The actual extensions, however, do not always look like the DSSSL constructs on which they were based. There are several ways in which extensions were made.
In some cases, it sufficed to add new values, as in the case of those added to reflect a variety of writing-modes, such as top-to-bottom and bottom-to-top, rather than just left-to-right and right-to-left. In other cases, common properties that are expressed in CSS2 as one property with multiple simultaneous values, are split into several new properties to provide independent control over independent aspects of the property.
For example, the "white-space" property was split into four properties: The effect of splitting a property into two or more sub- properties is to make the equivalent existing CSS2 property a "shorthand" for the set of sub-properties it subsumes.
In still other cases, it was necessary to create new properties. For example, there are a number of new properties that control how hyphenation is done.
These include identifying the script and country the text is from as well as such properties as "hyphenation-character" which varies from script to script.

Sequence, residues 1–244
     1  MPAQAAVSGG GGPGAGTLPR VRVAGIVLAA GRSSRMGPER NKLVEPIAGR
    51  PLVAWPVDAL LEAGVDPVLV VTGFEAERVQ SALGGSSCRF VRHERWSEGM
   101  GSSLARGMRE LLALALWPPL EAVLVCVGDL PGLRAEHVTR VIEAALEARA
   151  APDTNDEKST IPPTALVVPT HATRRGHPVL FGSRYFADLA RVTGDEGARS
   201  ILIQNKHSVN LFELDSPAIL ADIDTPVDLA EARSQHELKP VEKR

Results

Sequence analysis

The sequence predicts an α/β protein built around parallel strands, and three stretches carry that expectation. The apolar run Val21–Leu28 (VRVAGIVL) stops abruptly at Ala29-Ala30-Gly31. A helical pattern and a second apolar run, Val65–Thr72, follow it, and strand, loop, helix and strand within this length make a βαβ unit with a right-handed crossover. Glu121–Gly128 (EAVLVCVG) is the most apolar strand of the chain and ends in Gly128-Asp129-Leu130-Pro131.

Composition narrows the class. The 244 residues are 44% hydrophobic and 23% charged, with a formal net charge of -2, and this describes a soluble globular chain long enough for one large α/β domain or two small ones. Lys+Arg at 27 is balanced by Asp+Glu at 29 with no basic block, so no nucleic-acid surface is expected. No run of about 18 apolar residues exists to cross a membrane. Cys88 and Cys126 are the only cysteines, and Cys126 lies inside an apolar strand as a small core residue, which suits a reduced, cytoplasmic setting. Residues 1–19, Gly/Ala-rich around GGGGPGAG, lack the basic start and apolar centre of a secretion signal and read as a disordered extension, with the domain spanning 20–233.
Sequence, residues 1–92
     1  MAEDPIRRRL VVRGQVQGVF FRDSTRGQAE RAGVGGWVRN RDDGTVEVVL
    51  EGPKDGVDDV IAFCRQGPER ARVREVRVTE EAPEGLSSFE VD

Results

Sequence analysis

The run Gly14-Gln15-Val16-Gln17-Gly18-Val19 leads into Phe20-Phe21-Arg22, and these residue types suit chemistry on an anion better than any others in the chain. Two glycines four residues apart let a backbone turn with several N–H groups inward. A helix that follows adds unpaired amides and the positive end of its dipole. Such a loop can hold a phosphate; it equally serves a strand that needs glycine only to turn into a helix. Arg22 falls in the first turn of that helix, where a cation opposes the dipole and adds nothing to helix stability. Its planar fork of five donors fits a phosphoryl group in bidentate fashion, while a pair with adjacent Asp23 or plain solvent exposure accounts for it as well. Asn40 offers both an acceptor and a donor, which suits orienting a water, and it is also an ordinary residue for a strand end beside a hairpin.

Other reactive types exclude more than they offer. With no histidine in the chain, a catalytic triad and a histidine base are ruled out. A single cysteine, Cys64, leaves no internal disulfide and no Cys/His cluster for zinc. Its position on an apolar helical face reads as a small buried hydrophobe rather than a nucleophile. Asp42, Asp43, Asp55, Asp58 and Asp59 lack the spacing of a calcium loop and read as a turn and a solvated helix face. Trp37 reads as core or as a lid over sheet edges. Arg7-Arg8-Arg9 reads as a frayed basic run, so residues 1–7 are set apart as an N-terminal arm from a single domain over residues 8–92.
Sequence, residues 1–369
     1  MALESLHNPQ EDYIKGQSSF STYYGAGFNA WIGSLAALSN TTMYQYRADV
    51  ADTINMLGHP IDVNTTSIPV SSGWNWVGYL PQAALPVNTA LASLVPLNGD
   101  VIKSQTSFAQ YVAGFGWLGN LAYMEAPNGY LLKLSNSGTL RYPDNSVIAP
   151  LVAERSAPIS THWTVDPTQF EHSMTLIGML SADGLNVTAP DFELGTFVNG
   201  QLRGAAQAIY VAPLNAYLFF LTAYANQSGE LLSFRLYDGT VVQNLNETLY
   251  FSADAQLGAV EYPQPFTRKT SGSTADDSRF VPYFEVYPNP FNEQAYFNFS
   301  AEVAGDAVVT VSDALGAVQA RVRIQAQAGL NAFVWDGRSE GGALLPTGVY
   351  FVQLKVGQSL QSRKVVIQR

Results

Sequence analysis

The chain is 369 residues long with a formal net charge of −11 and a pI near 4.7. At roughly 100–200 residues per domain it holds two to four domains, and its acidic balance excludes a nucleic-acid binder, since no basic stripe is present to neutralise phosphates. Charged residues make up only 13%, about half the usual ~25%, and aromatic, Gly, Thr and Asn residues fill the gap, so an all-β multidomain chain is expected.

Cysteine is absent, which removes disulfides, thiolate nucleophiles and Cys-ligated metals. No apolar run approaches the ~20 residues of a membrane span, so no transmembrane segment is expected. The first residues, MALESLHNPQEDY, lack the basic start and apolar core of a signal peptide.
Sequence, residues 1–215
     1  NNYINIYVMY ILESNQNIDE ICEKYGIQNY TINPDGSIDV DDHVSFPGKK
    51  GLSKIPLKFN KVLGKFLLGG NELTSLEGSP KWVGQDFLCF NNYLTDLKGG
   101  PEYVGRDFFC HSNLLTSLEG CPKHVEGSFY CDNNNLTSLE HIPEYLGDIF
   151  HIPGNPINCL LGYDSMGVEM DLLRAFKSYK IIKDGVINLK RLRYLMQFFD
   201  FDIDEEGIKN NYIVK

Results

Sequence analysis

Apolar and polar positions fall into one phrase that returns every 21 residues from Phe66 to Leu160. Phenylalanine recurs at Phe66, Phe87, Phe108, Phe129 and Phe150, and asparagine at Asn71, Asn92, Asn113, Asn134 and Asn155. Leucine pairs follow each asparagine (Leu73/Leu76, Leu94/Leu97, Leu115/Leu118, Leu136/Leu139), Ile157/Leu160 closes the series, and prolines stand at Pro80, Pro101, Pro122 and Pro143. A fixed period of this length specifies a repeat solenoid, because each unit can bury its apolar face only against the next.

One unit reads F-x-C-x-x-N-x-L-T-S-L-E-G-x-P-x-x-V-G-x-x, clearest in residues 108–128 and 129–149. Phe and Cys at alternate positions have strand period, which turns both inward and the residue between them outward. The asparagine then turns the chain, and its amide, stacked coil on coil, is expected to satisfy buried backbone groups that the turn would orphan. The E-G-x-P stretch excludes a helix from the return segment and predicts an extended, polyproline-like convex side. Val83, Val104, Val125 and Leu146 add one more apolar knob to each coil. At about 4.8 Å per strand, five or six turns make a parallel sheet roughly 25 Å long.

Some of the formatting objects and many of the properties in XSL come from the CSS2 specification, ensuring compatibility between the two. There are four classes of XSL properties that can be identified as: For example, the patterns of XPath allow the selection of a portion of a string or the Nth text node in a paragraph.
This allows users to have a rule that makes all third paragraphs in procedural steps appear in bold, for instance.
In addition, properties can be associated with a content portion based on the numeric value of that content portion or attributes on the containing element. This allows one to have a style rule that makes negative values appear in "red" and positive values appear in "black".
Also, text can be generated depending on a particular context in the source tree, or portions of the source tree may be presented multiple times with different styles. The layout structure is defined in terms of one or more instances of a "simple-page-master" formatting object.
This formatting object allows one to define independently filled regions for the body with multiple columnsa header, a footer, and sidebars on a page.
These simple-page-masters can be used in page sequences that specify in which order the various simple-page-masters shall be used. The page sequence also specifies how styled content is to fill those pages.